Author Topic: Missives from a Fallen City  (Read 3792 times)


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Missives from a Fallen City
« on: November 28, 2021, 04:18:46 PM »
Missives from a Fallen City
A Fiction set in Fallen London

Missive 1.

By the presentation of this Calling Card, it is hereby CONFIRMED that you have been the subject of a visit by the honourable Mr. Maisourias SPONDERWICK, Esquire, Gentleman Scholar and Man of Negotiable Action! Please find overleaf the details of the address of the heretoforesaid.

Missive 2.

Dear Sir,

I was interested to receive your calling card, which, while unsolicited, was not unwelcome. I would be intrigued to make your further acquaintance and discuss with you a number of queries regarding a manuscript I am currently putting pen to – though my desk, alas and as you can tell from the stains, is a mess of paper, candles, and cake-crumbs (the latter not for myself, you must understand – it is a preferred delicacy of a certain small companion in solitude).

With all due felicitations,

Astrabella Cyclamen Willoughby

Missive 3.

Dear Miss Cyclamen Willoughby,

I was enchanted to receive your missive of the fifteenth, and grateful furthermore for the verbal felicitations passed on by your man. I shall attend to you at the time and place proposed, and look forward to your company. I understand from your man, too, that as alluded to, you have the acquaintance of a Blemmigan: whilst I am unfamiliar with the creatures, I shall endeavour to avail myself of some of the requested foodstuffs prior to your company.

With dutiful wishes,

Mr. Maisourias Sponderwick

Missive 4.

Astrabella –

The butler informs me that you have been entertaining a man who is at best a mercenary and at worst a ruffian. I write to remind you of your station. The time you openly suggested employing one of the rubbery men has not been forgotten, and that accursed creature you keep feeding cake to continues to be a stain on both the family and every scrap of paper it leaks fungal matter onto. In my book, and my book is a tome of not inconsiderable proportions, this new foolery is worse than either. This dalliance will cease immediately.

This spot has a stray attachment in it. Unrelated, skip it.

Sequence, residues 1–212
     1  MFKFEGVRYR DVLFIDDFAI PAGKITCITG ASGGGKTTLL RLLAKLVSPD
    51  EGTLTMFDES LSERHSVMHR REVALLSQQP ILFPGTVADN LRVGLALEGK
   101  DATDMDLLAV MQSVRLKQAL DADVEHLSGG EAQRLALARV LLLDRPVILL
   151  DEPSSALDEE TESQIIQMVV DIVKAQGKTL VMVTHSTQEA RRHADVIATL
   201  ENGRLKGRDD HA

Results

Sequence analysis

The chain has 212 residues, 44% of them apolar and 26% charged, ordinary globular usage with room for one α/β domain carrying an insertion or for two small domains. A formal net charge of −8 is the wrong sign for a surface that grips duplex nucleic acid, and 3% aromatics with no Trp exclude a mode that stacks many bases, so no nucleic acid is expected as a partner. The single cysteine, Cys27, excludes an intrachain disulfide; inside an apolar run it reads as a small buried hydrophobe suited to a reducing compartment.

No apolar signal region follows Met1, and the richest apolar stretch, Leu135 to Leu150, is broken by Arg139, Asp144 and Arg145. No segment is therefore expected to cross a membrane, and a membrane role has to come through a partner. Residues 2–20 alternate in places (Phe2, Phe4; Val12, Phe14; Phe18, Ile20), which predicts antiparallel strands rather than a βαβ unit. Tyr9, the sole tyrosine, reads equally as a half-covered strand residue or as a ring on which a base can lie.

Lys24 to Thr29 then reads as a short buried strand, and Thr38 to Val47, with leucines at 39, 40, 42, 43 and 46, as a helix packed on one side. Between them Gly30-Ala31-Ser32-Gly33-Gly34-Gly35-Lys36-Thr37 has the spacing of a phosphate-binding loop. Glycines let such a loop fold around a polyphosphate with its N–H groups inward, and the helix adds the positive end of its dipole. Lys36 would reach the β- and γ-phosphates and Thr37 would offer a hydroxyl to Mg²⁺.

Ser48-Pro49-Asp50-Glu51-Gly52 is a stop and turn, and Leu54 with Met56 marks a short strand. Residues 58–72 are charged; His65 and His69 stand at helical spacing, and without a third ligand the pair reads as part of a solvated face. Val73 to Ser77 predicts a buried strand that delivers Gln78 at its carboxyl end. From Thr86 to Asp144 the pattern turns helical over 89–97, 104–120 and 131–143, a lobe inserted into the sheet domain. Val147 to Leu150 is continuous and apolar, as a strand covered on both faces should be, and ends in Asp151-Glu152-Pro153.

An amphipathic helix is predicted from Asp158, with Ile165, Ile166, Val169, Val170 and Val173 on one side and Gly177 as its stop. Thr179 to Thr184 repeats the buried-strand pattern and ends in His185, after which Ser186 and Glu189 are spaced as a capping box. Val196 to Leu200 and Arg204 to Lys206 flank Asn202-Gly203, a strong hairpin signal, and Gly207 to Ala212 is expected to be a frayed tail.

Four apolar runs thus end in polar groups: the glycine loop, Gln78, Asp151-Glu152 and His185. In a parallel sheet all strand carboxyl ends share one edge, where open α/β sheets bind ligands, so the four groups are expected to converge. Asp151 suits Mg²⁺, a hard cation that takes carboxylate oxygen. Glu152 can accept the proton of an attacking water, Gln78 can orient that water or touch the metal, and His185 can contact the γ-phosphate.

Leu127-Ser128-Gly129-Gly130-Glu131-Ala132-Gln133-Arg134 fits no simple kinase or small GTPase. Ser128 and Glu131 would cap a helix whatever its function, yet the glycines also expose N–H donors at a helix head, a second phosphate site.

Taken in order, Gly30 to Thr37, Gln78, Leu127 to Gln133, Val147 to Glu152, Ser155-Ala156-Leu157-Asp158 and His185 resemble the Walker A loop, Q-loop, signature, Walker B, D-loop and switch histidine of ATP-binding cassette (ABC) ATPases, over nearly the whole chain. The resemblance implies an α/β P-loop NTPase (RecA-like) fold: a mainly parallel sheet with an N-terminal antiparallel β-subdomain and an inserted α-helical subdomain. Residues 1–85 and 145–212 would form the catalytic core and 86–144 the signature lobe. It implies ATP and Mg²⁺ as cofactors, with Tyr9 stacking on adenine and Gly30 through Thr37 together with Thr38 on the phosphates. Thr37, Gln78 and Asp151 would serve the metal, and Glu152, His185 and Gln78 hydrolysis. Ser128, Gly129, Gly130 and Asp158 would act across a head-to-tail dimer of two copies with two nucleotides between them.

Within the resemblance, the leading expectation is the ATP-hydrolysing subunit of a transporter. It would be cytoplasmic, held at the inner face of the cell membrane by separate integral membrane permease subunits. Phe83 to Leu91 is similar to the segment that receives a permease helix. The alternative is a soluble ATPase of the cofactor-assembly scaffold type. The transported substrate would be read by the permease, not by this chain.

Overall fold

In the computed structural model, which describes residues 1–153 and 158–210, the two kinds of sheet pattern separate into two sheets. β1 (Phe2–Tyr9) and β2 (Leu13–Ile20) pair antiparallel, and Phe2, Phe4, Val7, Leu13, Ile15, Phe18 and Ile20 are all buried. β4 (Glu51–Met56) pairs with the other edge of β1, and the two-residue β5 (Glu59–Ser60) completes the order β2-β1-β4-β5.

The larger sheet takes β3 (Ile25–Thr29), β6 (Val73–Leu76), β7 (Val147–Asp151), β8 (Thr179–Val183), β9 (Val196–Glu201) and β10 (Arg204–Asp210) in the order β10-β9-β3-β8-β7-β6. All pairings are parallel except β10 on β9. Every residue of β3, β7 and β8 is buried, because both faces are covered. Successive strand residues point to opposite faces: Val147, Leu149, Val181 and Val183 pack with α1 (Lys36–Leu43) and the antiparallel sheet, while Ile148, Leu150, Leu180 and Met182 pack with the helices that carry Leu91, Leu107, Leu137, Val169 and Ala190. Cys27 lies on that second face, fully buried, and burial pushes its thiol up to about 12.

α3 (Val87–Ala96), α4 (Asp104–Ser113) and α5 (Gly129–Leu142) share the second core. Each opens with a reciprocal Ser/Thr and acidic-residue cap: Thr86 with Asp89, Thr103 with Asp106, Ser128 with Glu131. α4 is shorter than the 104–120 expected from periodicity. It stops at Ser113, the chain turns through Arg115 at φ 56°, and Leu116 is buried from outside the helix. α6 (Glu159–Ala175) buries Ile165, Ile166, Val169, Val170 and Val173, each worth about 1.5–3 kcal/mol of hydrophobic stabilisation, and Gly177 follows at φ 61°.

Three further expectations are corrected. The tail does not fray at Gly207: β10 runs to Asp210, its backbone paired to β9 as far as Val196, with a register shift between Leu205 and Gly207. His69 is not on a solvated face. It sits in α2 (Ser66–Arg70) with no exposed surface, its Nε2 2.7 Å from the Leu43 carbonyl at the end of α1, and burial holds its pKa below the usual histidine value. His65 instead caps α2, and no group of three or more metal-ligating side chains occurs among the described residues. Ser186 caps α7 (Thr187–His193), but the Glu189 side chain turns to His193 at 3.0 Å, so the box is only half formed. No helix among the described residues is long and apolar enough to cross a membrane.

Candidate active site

Johnston V. Willoughby

Missive 5.

To Mr. Sponderwick,

Your concerns about the ethics of the duty imposed upon you by the Ministry of Public Decency have not been noted, because they are irrelevant. We are the ethics of this city, and your failure to appreciate that fact does you, sir, little credit.

Your commission in regard to the Willoughby family remains in force and unchanged.


Petty Mid-Sergeant Oliver Caxton

Missive 6.

Dear Mr. Sponderwick,

I fear you may have been under some delusions as to the conclusions of our previous meeting, given your earnest entreaties for further company at the end. I have indeed been informed under no uncertain terms that I am to cease seeking your company, and so I am writing to inform you that under no circumstances shall I possibly be meeting you again, and that the rear glasshouse door will not be unlocked at eleven o’clock tomorrow night in order to facilitate this.

With cordial wishes,

Astrabella C. Willoughby

P.S. Its name is not Gertrude, it is Gratitude. Do get it right next time.

Missive 7.

Dear Astrabella (if I may),

My pen quivers close to the paper as I seek to write to you after our encounter in the glass-house, yet I know not how to put to words the marvels you showed me there.